As content creators, we have a responsibility to the influencers who are advocates for our brands and client’s brands to allow them to stay true to their voices.

As corporations, we have a responsibility to align and focus the causes for which we advocate.

As global citizens, we have a responsibility to balance profitability with doing the right thing.

As storytellers, we have a responsibility to use our platforms for good and inspire action.

As employers, we have a responsibility to serve as the conscience of the company culture and help break down barriers and support policies to allow a diverse workforce to flourish.

In perhaps the most intensely debated session of the day, our own, CMO Aaron Strout  moderated a keynote panel, The Future of Digital Transformation for Media, Brands + Politics, centering around the responsibility of media and technology platforms.  Joined by panelists David Kirkpatrick, Founder & CEO of Techonomy, Joanna O’Connell, VP & Principal Analyst of Forrester Research, and Teddy Goff, Co-Founder & Partner of Precision Strategies, Aaron led a passionate conversation on the future of digital transformation for media, brand, and politics.

There’s no doubt that today, technology platforms have an immense amount of influence and power – particularly in our current political and social climate. While some panelists had a more optimistic outlook on the change that major technology platform has had on society, some also acknowledged the downside. The panelists posited that consumer and regulatory backlash may build against platforms like Facebook as they struggle to monitor content and targeting techniques. Ultimately, the panelists agreed that marketers and communicators have a responsibility in ensuring that these platforms are used for good.

Check out a full of recap of the panel here.


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As a physician who spends his days taking care of patients, Dr. Albert Chan, chief of digital patient experience at Sutter Health, knows his colleagues are burnt out—and it’s not hard to see why. For every 3.08 hours of patient visits, physicians spend an additional 3.17 hours on a desktop machine, Albert told attendees at W2O’s 4th Annual Digital Health Luncheon on January 8, 2018, referencing a recent Sutter Health Study.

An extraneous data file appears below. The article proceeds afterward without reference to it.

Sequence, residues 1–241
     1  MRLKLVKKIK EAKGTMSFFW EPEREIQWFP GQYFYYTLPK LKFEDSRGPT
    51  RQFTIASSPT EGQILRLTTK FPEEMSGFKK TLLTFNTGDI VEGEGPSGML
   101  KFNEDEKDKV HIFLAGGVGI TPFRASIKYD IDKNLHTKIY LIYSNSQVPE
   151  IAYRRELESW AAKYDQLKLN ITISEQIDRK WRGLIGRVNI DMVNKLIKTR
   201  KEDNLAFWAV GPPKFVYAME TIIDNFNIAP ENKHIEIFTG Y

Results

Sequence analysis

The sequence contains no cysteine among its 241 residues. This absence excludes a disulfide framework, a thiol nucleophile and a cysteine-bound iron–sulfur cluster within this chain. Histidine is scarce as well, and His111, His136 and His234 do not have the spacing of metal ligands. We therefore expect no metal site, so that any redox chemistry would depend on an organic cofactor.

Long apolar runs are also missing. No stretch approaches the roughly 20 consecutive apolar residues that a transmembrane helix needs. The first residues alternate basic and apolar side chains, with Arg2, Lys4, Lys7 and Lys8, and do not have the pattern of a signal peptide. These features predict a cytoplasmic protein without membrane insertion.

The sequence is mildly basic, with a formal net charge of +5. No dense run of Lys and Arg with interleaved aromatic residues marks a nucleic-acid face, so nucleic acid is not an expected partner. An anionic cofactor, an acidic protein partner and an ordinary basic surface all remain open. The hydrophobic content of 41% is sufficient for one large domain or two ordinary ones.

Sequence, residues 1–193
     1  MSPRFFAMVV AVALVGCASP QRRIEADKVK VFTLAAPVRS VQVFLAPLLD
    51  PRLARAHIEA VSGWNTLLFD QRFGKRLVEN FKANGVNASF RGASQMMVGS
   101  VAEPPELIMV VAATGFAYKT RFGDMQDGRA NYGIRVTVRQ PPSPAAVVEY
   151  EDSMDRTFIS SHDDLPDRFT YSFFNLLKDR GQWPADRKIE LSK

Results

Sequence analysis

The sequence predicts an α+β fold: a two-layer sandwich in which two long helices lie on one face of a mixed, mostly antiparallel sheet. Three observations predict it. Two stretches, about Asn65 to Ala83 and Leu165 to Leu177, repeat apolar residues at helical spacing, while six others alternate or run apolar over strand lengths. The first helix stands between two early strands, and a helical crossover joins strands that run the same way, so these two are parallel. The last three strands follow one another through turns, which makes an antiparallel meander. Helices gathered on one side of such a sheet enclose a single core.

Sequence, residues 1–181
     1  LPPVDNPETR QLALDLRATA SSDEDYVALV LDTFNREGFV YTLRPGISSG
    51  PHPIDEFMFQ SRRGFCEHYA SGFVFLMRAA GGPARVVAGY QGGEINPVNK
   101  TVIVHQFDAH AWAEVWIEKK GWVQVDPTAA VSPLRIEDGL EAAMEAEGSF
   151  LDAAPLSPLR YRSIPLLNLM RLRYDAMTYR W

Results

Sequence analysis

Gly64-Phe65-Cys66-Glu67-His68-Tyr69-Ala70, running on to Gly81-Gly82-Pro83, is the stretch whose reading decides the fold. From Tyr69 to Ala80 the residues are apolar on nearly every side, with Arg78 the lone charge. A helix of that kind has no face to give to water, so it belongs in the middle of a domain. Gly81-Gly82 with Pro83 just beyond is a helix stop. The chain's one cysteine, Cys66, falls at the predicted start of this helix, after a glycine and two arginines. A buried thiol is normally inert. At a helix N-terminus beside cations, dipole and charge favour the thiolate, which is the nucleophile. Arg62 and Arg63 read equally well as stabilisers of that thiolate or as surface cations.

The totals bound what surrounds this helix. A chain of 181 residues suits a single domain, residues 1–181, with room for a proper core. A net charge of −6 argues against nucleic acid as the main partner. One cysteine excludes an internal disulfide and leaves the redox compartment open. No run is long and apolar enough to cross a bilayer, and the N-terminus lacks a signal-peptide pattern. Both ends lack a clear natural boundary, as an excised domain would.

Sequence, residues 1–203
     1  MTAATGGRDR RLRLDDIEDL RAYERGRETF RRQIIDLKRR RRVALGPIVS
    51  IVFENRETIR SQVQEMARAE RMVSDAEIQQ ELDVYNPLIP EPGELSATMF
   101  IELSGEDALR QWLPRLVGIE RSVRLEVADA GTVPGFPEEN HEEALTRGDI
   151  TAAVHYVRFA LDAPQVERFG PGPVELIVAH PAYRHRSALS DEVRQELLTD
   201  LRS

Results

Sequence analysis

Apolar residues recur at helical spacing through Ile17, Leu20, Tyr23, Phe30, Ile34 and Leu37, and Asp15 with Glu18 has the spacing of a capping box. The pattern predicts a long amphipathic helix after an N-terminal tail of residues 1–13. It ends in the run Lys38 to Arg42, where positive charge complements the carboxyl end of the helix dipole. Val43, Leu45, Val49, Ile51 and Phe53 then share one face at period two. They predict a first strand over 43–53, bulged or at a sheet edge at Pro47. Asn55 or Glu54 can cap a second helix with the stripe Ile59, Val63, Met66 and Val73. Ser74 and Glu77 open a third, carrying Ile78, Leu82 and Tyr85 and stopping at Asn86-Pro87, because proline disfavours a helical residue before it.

“Fifty percent of doctors have more than one sign of burnout,” said Albert, who shared the stage with a handful of health IT experts to discuss the potential for blockchain in healthcare. And while it might not be a panacea, as Ted Tanner, chief technology officer and co-founder of PokitDok, pointed out, he agreed with Tony Scott, former federal chief information officer and senior advisor of Squire Patton Boggs, in that blockchain is simply one of a number of building blocks that will change the way the healthcare ecosystem works.

Healthcare thought leaders also discussed what’s on the horizon for direct to consumer genomics and explored if AI is the key to freeing up healthcare’s state of friction. As Jonathan Bush, athenahealth’s CEO, told attendees, “Any time you have millions of examples and a relatively finite set of outcomes, you can use machine learning.” But as Jonathan also noted, the key to AI’s success lies in the availability of data, advising attendees to design their business so that there’s a lot of data flowing into the environment.

For more insights from W2O’s 4th Annual Digital Health Luncheon held during the J.P Morgan Healthcare Conference (#JPMHC18), please see below for video highlights and full panel replays, see here for the recap, and be sure to follow #W2ODH18 and @W2OGroup for the latest updates.

Highlights: W2O’s 4th Annual Digital Health Luncheon

AI: The Key to Freeing Up Healthcare’s Friction?

Blockchain: Healthcare’s Next Great Disrupter?

What’s Next for Direct-to-Consumer Genomics?

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How real is blockchain’s potential to improve healthcare? “It’s really real,” said Tony Scott – the former chief information officer of the United States and senior advisor for Squire Patton Boggs – at W2O Group’s 4th Annual Digital Health Luncheon. Held in tandem with the J.P. Morgan Healthcare conference (JPM18) – which effectively marks healthcare and life science’s annual pilgrimage to San Francisco, CA – this year’s luncheon explored what practitioners and patients alike can expect from blockchain, AI and genomics, and where we will continue to see the digital health investment dollars flow in 2018.

Jonathan Bush, athenahealth’s chief executive officer, kicked off the event, talking to attendees about how AI can help reduce healthcare’s state of friction. He also spoke about the industry’s tendency to put the cart before the horse when it comes to advancing new technologies.

Jonathan noted that “when we see a break, when we see an invention, when we hear a new keyword, we run with it in our minds so much faster than the gears of society and marketplace can move, that we find ourselves alone on a deserted island, with none of the things that we wanted.” However, he was also candid in saying that, when it comes to AI, “it’s okay to get excited.”